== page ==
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GCSE Sociology - Theoretical approaches

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GCSE Sociology - Theoretical approaches

  1. 1. THEORETICAL APPROACHES Studying Society 1.2
  2. 2. LEARNING OUTCOMES At the end of session you will be able to:  Recognise that there are different theoretical approaches to studying society  Compare conflict and consensus theories  Recognise the significance of different types of evidence in social research
  3. 3. WHAT IS A THEORETICAL APPROACH?  Although all sociologists look at the same picture of society, what they see depends on their theoretical perspective.  Theoretical perspective: looking at a social issue through the eyes of one Karl Marx 1818-1883 particular type of theorist.
  4. 4. STRUCTURALISM  Structuralists look at the big picture and show how society makes us what we are.  They concentrate on the way that the structure of society has an influence on our everyday lives.
  5. 5. INTERACTIONISM  Interactionists focus down on smaller groups and individuals  They concentrate on the way people behave within society, how they interact with others and how people live their daily lives which, in turn, makes society what it is.
  6. 6. CONSENSUS What is consensus?  Some sociologists say that society is held together because people share a set of key norms and values that are passed down from one generation to the next through the process we know as socialisation.  They are very positive about the organisations and institutions in society and there is a general level of agreement on the way that society should develop.  This is the basis of the consensus approach to sociology.  Another word for consensus is agreement.
  7. 7. FUNCTIONALISM Consensus & Functionalism  The main group of sociologists that follow these ideas are referred to as functionalists.  Functionalists see all the different parts of society working together like the parts of a well-oiled machine.  Each part has a role to play in making sure the machine works well – they all perform a function and they all need to work well in order for the machine to do its job properly.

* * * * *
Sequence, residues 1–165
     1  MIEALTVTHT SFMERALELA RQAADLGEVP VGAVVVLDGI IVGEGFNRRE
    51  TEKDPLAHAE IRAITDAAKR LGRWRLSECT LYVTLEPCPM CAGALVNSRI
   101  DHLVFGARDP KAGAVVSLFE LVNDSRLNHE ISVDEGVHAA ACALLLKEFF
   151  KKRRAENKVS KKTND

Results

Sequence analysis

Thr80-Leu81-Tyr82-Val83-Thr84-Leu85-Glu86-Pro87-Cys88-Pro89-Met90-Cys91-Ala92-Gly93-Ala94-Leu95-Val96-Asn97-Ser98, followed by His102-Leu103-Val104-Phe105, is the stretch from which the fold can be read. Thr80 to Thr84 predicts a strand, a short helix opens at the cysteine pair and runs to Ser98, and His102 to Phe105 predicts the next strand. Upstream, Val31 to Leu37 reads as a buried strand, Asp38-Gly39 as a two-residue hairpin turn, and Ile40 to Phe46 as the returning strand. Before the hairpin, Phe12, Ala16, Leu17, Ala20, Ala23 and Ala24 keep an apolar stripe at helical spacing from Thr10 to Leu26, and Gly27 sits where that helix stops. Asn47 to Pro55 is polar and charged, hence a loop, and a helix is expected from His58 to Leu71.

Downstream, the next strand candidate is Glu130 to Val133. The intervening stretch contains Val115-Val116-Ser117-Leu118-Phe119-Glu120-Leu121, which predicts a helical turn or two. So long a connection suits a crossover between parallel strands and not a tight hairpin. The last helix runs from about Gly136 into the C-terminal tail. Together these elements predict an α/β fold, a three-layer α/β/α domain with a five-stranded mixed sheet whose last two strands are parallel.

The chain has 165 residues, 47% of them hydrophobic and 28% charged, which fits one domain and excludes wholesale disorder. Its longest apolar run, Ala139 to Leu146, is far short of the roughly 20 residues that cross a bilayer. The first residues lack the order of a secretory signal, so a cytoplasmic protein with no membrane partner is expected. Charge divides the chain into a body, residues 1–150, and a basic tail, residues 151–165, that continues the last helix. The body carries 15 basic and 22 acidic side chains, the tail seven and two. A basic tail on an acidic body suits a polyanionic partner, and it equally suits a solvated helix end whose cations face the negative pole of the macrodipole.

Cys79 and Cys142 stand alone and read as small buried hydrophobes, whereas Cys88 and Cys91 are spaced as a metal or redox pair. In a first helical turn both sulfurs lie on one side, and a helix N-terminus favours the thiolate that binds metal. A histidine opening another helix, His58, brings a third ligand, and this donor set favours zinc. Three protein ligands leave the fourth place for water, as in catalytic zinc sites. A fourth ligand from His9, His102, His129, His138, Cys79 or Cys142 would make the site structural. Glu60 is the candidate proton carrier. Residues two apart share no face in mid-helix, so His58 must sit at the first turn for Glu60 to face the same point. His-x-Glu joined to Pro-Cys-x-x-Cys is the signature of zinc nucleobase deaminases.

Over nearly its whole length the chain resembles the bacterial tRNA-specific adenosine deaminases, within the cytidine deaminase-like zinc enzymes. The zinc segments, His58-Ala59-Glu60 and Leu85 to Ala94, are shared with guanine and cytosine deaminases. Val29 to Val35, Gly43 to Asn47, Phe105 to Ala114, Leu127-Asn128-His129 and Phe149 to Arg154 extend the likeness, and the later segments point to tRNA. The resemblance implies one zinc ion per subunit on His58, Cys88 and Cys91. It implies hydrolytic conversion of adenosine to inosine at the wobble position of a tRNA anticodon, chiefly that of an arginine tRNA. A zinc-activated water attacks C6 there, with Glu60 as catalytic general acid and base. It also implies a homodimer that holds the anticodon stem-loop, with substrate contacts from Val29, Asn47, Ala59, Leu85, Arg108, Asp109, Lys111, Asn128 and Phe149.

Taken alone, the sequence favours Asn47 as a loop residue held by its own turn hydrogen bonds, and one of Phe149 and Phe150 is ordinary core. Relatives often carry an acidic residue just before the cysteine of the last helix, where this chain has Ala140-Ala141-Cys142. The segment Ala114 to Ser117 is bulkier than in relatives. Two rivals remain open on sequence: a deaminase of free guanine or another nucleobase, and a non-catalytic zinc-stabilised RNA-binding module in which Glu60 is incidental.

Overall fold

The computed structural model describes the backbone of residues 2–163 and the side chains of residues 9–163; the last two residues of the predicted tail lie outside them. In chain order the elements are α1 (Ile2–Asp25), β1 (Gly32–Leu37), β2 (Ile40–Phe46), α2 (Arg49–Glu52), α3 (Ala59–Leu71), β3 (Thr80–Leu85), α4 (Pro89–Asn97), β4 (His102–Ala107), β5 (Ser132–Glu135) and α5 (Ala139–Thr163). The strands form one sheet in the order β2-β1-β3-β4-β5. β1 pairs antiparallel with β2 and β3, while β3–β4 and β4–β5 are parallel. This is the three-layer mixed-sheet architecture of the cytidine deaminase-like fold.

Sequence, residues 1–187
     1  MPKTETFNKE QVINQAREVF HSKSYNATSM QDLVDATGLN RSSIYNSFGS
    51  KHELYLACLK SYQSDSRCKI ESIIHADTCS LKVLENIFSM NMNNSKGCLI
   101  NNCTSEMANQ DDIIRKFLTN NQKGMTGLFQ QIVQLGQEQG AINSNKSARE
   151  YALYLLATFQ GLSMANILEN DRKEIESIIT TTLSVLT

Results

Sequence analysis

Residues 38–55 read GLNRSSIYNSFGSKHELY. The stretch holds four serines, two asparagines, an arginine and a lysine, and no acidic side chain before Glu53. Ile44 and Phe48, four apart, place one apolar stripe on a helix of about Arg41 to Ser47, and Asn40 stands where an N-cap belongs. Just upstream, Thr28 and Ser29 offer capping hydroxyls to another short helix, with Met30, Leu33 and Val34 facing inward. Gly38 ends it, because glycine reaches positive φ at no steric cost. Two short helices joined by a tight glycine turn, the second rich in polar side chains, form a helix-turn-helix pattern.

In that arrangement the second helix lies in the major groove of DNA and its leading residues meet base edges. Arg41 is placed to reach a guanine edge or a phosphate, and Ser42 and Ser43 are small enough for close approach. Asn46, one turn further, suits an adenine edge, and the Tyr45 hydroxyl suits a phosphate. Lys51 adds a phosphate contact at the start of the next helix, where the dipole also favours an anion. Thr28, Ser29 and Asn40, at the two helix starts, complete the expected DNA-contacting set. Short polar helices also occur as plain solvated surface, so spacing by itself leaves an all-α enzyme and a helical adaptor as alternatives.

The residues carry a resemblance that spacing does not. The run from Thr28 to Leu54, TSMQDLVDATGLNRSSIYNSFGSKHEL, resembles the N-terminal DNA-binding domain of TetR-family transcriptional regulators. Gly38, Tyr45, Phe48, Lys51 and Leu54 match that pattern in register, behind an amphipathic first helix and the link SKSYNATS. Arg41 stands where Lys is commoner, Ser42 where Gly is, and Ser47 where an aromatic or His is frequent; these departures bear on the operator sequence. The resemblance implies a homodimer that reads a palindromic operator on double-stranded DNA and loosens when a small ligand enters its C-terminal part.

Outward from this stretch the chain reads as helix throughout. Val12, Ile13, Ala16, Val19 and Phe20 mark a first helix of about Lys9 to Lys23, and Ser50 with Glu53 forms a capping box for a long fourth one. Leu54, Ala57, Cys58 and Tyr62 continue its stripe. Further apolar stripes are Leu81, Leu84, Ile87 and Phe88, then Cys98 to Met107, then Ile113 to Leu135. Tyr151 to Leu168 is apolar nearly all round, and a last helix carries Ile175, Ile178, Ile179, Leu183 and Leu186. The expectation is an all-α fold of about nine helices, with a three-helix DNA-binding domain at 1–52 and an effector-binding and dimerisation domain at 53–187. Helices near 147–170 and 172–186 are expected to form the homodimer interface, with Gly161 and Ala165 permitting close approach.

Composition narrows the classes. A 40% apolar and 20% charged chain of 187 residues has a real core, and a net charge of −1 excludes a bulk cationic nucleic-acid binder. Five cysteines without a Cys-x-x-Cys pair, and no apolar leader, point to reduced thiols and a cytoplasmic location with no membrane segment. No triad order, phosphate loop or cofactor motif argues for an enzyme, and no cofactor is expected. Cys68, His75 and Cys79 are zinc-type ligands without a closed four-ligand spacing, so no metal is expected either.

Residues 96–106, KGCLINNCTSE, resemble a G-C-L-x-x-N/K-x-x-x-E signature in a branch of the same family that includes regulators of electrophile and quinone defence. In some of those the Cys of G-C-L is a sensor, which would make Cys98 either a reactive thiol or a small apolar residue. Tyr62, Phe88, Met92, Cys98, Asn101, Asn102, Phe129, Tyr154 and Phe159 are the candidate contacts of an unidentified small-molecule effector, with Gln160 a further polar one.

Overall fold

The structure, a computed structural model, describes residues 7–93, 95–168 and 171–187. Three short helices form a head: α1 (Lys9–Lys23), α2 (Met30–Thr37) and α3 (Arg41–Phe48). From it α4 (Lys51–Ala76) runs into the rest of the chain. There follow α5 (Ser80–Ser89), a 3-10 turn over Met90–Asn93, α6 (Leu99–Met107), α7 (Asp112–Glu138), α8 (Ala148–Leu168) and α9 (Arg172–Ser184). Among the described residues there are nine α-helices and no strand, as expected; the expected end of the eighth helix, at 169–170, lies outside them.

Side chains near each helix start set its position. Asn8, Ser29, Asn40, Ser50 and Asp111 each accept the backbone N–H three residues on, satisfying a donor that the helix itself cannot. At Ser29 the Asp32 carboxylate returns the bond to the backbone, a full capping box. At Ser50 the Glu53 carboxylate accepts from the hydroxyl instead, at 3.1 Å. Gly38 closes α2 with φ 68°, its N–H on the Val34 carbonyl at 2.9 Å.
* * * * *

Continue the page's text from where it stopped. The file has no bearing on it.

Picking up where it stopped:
8. 8. CONFLICT What is conflict?  Some sociologists see society as being organised and structured so that some groups do better than others.  This means that some people have control and the power to decide what others should do.  A society organised in this way automatically involves disagreement and conflict.
  9. 9. SOCIAL CLASSES  Social classes have developed because wealth and power are not shared out equally in society.
  10. 10. CLASS CONFLICT  The group of sociologists who see social class as the main cause of conflict are referred to as Marxist sociologists.  The differences that exist between the ruling class and the working class are the real reasons for disagreement and conflict
  11. 11. MARXISM & SURPLUS VALUE  Workers are paid a wage but it is way below the value of the goods they produce as the capitalist class ‘creams off’ the rest of the money in the form of profits  Theyare seen to be exploiting their workers.
  12. 12. FEMINISM  Some feminist sociologists identify conflict between men and women in society (gender conflict) as their main concern.  Radical feminists see the root of the problem as male power or patriarchy and believe that this is seen in all institutions in society from the family through to the world of work.
  13. 13. MARXIST FEMINISTS  Marxist feminists see the big problem springing from the fact that women ‘look after’ men who work in a capitalist system.  If women do work, what they do is seen as less important than the work of men.
  14. 14. SO HOW DO THESE THEORISTS PRESENT THE ALL IMPORTANT DATA? Remember sociology is a science and therefore has to be rigorous and systematic in its research and data analysis
  15. 15. QUANTITATIVE & QUALITATIVE DATA Quantitative  Information that is presented as numbers which can be analysed using statistical methods. Qualitative  Information in the form of text or images, that is rich in description and detail
  16. 16. INTERACTIONISTS  Sociologists taking an interactionist approach would be likely to concentrate on qualitative data and be interested more in discussing the findings from observation and unstructured interviews.  Their data would not, for example, be looking at graphs and percentages.
  17. 17. STRUCTURALISTS  Sociologists taking a more structural view would be more likely to look at social surveys.  The data that structuralists collect allows them to compare responses between different groups in society.  The graphs and tables on the following slides are examples of quantitative data that might be generated from a social survey but the data doesn’t speak for itself, it has to be analysed and evaluated.
  18. 18. ANALYSING DATA Using bar chart D, answer these questions: c) What is the most striking trend in the data? d) What surprises you about the data? e) Do you understand the categories? What is the difference between burglary and robbery? f) Do you understand the title? What is an indictable offence? g) What ‘other offences’ can you think of that don’t fit the main categories?
  19. 19.  Which subject shows the smallest percentage difference between girls and boys achieving A* – C GCSE grades?
  20. 20. QUESTIONS FOR HOMEWORK  From page 15 of your handout (1.2 How do we understand the language that sociologists use?) a Why are interactionist sociologists more likely to gather qualitative data? a What problems do radical feminists see with patriarchy? What is an analogy? g Explain what we mean when we talk of analysing’ data.

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